Determining colour green to purple. After this, titrations

Determining
the Concentration of an Unknown Hydrochloric Acid Solution Using Sodium
Carbonate as the Alkali in a Titration

Introduction/Aims:
Maintaining
different values of pH can be crucial in various parts of the body, for example
a low pH is normal for the stomach where food is digested (Crowe and Bradshaw,
2014) however a higher pH (7.06±0.04) is expected for saliva in the mouth where
amylase is the main enzyme present (Baliga, Muglikar and Kale, 2013).

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Acidosis is an example of when pH balance is disrupted
and it occurs when there is a higher than normal concentration of Hydrogen ions
in the bodily fluids, causing pH of the blood to decrease below 7.4. This can
also be a sign of malfunctioning kidneys due to inadequate removal of acid
(Medlineplus.gov, 2017).

The aim of this research was to determine the
concentration of the Unknown Hydrochloric acid (HCl) using a titration.

Materials
and Methods: A pH indicator was prepared by boiling red
cabbage in water. This was then added to solutions of various values of pH.

Sodium Bicarbonate (Na2CO3)
was used to make a 250 ml, 0.1M standard solution. Using a pipette, 20cm³ of
the solution was then transferred to a conical flask. A few drops of indicator were
added afterwards. The burette was filled with HCl acid of unknown
concentration.

The first titration was used as a trial to gain a rough
estimate of the equivalence point (end point),
which was determined when the Na2CO3
changed from the colour green to purple. After this, titrations
were performed until two readings within 0.1ml of each other were accomplished.

Results:
The
average titre was 7.45*10-3 L. The number of moles of Na2CO3 was 0.025. This
value was then used to calculate the number of moles per 20cm³ of Na2CO3 by using the
multiplication factor 12.5, 0.025moles/12.5= 2*10-3.

Using the balanced equation below, the number of moles of
HCl was calculated using the 1:2 ratio.

Finally, the molarity was calculated by dividing the
value of moles of HCl by the average titre (L), 0.537 mol/L (4*10-3 moles/7.45*10-3
L).

The pH of the unknown Hydrochloric acid was calculated to
be 2.51 by using the two equations below.

H+2
= Ka*HCl              pH=
-log10H+

      
Conclusion: The pH of this
solution is notably higher than that of the human stomach, pH 1.5 (Beasley et
al., 2015). This highlights the high acidity needed to digest food effectively
but also shows how different values of pH are needed for different functions in
and outside of the body.

However, the pH of this solution could have
been measured using the cell potential of the sample in association with the
standard Hydrogen electrode. By using this equipment a pH curve could have been
constructed and the equivalence point determined via this, removing
the subjective nature of this titration allowing a more accurate calculation of the unknown HCl concentration
(Jennings,
Mullen and Roy, 2010).

On the basis of the findings in this experiment, it takes
approximately 7.45*10-3 L of 0.537 mol/L HCl to neutralise a 20cm³ solution of
0.1M Sodium Carbonate therefore the aim of this experiment has been fulfilled.

 

 

 

 

 

The
Use of Bomb Calorimetry to Determine the Enthalpy of Combustion and Therefore
the Calorific Content of Vegetable Oil

Introduction:
Vegetable
oil has many uses in today’s society, it can be used a bio-fuel when combined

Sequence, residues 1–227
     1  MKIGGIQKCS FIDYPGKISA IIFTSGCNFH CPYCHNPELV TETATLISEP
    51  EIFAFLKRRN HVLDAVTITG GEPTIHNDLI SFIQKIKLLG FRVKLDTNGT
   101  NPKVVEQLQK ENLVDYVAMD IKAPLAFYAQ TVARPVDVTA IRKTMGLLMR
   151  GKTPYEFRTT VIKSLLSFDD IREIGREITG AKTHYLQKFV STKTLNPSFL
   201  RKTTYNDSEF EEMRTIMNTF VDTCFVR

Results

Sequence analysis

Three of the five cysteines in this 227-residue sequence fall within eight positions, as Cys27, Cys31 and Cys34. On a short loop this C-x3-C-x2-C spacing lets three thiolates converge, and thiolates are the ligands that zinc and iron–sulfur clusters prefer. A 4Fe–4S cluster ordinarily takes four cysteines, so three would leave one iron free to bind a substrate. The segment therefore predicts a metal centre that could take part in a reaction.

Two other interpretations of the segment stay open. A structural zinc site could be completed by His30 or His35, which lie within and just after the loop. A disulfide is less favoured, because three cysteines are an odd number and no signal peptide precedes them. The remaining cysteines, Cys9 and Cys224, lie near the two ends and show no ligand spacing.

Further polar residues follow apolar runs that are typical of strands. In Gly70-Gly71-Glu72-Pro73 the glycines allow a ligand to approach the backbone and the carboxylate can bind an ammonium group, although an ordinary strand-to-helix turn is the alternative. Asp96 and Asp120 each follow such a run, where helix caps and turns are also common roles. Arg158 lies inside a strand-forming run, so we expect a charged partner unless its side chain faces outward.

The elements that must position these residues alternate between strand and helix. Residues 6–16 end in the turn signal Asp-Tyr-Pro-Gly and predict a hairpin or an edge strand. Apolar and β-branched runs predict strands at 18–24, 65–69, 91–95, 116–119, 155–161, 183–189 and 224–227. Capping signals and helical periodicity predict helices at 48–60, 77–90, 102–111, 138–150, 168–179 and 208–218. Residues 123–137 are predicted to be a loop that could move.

with alcohol to power diesel engines or act as an additive aiding reduction in
motor emissions (Energy.gov, 2013). However, its omega-3-fatty acids also
provide a source of nutrition which is essential for human development (Kumar,
Sharma and C. Upadhyaya, 2016).

This particular experiment aims to conclude the enthalpy
of combustion and therefore the calorific content of vegetable oil. The way the
body uses this energy is one application of the results and is discussed
further in this report.

Methods:
To
calibrate the calorimeter, the 1-dodecanol was lit and extinguished shortly
after to determine the size of the flame from the Bunsen burner. The mass (g)
of the lamp was determined and 100mL of ice cold water was added to the
aluminium can, the temperature was then taken (°C). The 1-dodecanol was lit and
the water was then stirred with a thermometer until the temperature had reached
10°C above room temperature. The final
temperature was recorded after extinguishing the flame. The mass of the lamp
was recorded after allowing it to cool. This was repeated with 1-dodecanol, and
then with vegetable oil.

Results:
Heat
absorbed by water during calibration using 1-dodecanol was calculated first (Q)
using the equation below.   

Q= MC?T             
M= Mass of water (100g), C= Specific heat
capacity of water 4.184J/(g°C), ?T= Change in
temperature (°C)

The heat given off by combustion of
1-dodecanol was then calculated, 1.
-55.86 kJ, 2. -59.43 kJ. The heat
given off but not used by to warm the water was also calculated and an average
of this value was determined qcal-7792.26 kJ. These values were then
used to calculate values in relation to the vegetable oils enthalpy of combustion.

Heat energy released by the combustion
of vegetable oil was calculated using the qcal of 1-dodcenaol, –qoil
= qwater + qcal. The value was negative due to the
reaction being exothermic, loosing heat to the surroundings (Experiment 1. -1827.155 kJ, Experiment 2. -1408.7504 kJ)

The enthalpy of combustion of vegetable oil was calculated
using the qoil and the moil. The average of these two
values was taken-
H -2.848 kJ/g. The calorie content was therefore 680.92
Calories / 0.6809 Kcal per 0.566 g of vegetable oil.

 

Conclusions:
The
enthalpy of combustion for vegetable oil was negative, suggesting it is an
exothermic reaction therefore releasing energy when it reacts. In the human
body the energy released from vegetable oil is used for metabolic reactions and
physical activity (Thivel et al., 2013). However, it is important to consider
that not all energy from this oil will be absorbed and used for metabolism in
humans. Therefore calculations including energy lost via excretion would be
required to be incorporated for application to the biological aspect of this
experiment (Nature.berkeley.edu, 2008).

However, the aim of this experiment was to determine the